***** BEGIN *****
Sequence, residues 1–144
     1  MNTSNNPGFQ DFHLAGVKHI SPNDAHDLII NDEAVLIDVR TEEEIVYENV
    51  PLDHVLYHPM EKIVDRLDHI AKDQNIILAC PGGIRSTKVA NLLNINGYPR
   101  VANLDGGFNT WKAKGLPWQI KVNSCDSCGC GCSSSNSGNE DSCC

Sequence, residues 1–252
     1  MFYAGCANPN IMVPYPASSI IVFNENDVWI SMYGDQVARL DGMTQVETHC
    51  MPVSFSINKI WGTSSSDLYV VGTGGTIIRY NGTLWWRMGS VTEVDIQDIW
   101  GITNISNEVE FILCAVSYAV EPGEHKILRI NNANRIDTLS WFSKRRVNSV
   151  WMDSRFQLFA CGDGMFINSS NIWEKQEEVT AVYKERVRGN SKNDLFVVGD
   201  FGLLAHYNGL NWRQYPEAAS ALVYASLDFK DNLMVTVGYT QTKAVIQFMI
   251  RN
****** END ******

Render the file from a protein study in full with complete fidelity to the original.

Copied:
Sequence, residues 1–144
     1  MNTSNNPGFQ DFHLAGVKHI SPNDAHDLII NDEAVLIDVR TEEEIVYENV
    51  PLDHVLYHPM EKIVDRLDHI AKDQNIILAC PGGIRSTKVA NLLNINGYPR
   101  VANLDGGFNT WKAKGLPWQI KVNSCDSCGC GCSSSNSGNE DSCC

Sequence, residues 1–252
     1  MFYAGCANPN IMVPYPASSI IVFNENDVWI SMYGDQVARL DGMTQVETHC
    51  MPVSFSINKI WGTSSSDLYV VGTGGTIIRY NGTLWWRMGS VTEVDIQDIW
   101  GITNISNEVE FILCAVSYAV EPGEHKILRI NNANRIDTLS WFSKRRVNSV
   151  WMDSRFQLFA CGDGMFINSS NIWEKQEEVT AVYKERVRGN SKNDLFVVGD
   201  FGLLAHYNGL NWRQYPEAAS ALVYASLDFK DNLMVTVGYT QTKAVIQFMI
   251  RN